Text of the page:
May 31, 1948
For the second straight day the Indians had a chance to take two games from a lower division team and were unsuccessful.
St. Louis Browns right-hander Cliff Fannin shut out the Indians, obviously tired and depleted by injury. Despite having only won one game before his start this afternoon, Fannin limited the Indians to just four hits. No Indian reached second base.
“I had hoped for two today,” Indians manager Lou Boudreau. “The pitching was just too tough for us in that second one. Cliff Fannin had us hitting the pitches he want us to.”
Bob Muncrief allowed four runs in just less than three innings of work in a spot start for the Tribe. The Browns took the lead in the top of the second inning when Les Moss hit a solo home run, his third of the year, put the Browns up 1-0. They blew the game open a frame later.
In the top of the third inning, Bob Dillinger started the inning for the Browns with a single to right field. Chuck Stevens grounded to Johnny Berardino at second base, who flipped to Boudreau to start a double play. Boudreau dropped the ball and everyone was safe. Jerry Priddy singled to center to score Dillinger and advance Stevens to third base. Al Zarilla hit a sacrifice fly to center field and Stevens trotted home to make the score 3-0 Browns.
Paul Lehner singled, but was thrown out by Larry Doby trying to stretch the single to a double. After Muncrief walked Wally Platt, Boudreau had seen enough and motioned for Steve Gromek to enter the game. Gromek uncorked a wild pitch to Moss, allowing Priddy to score, before striking him out to end the inning. St. Louis had a 4-0 lead after three innings.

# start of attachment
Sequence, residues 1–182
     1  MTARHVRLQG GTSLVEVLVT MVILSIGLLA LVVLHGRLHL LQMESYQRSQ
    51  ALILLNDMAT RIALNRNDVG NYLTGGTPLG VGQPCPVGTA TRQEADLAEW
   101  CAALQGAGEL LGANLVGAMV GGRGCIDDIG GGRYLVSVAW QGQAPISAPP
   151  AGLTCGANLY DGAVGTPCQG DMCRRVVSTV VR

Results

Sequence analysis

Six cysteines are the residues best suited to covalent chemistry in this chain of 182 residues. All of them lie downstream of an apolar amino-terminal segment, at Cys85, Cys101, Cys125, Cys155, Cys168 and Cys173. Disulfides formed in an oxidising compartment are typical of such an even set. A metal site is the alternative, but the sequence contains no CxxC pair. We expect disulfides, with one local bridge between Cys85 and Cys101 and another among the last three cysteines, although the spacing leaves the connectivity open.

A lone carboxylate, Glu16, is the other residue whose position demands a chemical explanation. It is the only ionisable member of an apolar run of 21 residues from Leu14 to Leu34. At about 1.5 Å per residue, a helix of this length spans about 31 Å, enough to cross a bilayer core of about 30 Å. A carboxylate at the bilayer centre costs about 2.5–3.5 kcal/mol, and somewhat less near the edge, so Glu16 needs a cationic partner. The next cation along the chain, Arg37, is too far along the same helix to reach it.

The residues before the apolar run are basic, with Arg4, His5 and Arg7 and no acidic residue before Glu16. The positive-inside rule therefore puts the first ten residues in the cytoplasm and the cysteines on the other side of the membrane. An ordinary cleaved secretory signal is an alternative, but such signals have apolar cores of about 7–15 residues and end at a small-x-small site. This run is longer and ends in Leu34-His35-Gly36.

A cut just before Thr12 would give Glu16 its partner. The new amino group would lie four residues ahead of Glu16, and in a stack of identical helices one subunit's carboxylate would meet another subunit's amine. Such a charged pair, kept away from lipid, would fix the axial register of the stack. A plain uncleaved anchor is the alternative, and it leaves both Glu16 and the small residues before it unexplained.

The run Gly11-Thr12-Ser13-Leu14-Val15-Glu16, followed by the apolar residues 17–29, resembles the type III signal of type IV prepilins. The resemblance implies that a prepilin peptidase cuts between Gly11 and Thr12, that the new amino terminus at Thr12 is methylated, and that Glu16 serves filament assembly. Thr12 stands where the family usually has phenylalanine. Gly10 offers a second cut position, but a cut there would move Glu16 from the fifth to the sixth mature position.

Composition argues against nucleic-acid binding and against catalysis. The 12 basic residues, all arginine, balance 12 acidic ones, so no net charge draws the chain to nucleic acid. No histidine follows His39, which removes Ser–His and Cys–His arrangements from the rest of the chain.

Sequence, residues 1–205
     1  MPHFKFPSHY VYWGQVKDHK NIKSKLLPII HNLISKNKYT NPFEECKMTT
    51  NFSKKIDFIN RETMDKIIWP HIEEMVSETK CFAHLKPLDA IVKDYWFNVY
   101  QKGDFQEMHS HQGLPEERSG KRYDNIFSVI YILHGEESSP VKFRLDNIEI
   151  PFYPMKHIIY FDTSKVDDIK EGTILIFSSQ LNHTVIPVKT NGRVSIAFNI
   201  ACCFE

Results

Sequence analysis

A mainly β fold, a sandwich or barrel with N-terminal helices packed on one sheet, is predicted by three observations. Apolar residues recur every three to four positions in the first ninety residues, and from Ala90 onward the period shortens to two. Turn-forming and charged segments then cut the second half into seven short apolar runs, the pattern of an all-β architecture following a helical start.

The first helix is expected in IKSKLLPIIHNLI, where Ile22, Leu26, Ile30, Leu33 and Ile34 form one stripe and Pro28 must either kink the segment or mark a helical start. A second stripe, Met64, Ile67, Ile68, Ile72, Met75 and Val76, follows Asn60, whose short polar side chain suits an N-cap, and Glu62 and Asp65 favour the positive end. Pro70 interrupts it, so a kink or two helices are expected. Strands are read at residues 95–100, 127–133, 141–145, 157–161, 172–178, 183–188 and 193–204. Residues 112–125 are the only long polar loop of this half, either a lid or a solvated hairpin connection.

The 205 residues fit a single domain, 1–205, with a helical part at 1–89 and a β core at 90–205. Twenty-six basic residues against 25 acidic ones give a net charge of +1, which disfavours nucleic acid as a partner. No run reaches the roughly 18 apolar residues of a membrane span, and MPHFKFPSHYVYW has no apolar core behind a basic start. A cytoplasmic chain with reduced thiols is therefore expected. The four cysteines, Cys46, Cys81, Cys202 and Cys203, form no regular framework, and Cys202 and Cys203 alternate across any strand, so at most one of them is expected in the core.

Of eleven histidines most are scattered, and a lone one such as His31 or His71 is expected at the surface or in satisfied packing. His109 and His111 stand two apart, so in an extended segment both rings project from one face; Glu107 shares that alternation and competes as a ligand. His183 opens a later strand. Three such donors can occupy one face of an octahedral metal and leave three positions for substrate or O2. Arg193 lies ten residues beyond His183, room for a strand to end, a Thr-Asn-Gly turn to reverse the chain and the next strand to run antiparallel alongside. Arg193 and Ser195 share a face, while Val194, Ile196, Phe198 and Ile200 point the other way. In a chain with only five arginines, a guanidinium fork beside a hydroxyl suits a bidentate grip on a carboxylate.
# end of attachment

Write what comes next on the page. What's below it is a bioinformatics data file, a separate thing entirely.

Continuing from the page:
Muncrief, the former Browns pitcher, did not have success in his first start against his former mates. Muncrief (1-1) lasted two and two-third innings, allowing six hits, four runs — only two earned — while walking one and allowing a home run. Gromek shined in relief, pitching three and one-third innings, only allowing one hit.
Meanwhile, Fannin was making short work of the Tribe. He allowed singles in the second, fourth, eighth and ninth inning, but none of the baserunners could reach scoring position. The Toledo native credited control with his breaking balls and offspeed pitches as the reason for his success.
“I didn’t give them too many fastballs,” Fannin said. “I used curves and a slider and was putting the ball just about where I wanted it.”
The Browns added two more runs in the top of the seventh inning off Tribe reliever Ed Klieman. Dillinger walked to start the inning and advanced to second on a sacrifice bunt by Stevens that left everyone safe. Priddy bunted both Dillinger and Stevens into scoring position, forcing Klieman to intentionally walk Zarilla. However, Klieman walked Lehner with the bases loaded to force in a run and Platt hit a fly ball to center field to plate another run, making it 6-0 Browns.
Fannin (2-4) looked to be tiring in the later innings, allowing a hit in the eighth to Jim Hegan and another to Wally Judnich in the ninth, but he was able to settle down and finish what he started. He walked no one while striking out three in the game.
“Look at my arm shaking,” Fannin said as he tried to unsuccessfully sign a baseball. “Yeah, I was getting tired that last inning.”
The Tribe’s game two loss in the doubleheader, combined with Philadelphia’s 2-1 win against Boston, dropped the Indians back into second place by a full game behind the Mackmen. Tuesday is a scheduled off day where the Indians will travel to Washington to start a four city eastern road trip, including four against the Athletics and New York Yankees. Boudreau feels the road trip is a big one in the first half of the season.
“Coming home in first place would mean a lot to the club,” Boudreau said.
The Indians will send Bob Lemon (7-2, 2.07) to the mound in the first game against the Senators. Lemon leads the American League with seven wins and will be looking for his eighth. Washington will counter on Wednesday with Ray Scarborough (3-1, 2.96). Boudreau plans to send Bob Feller and Gene Bearden in the next two games.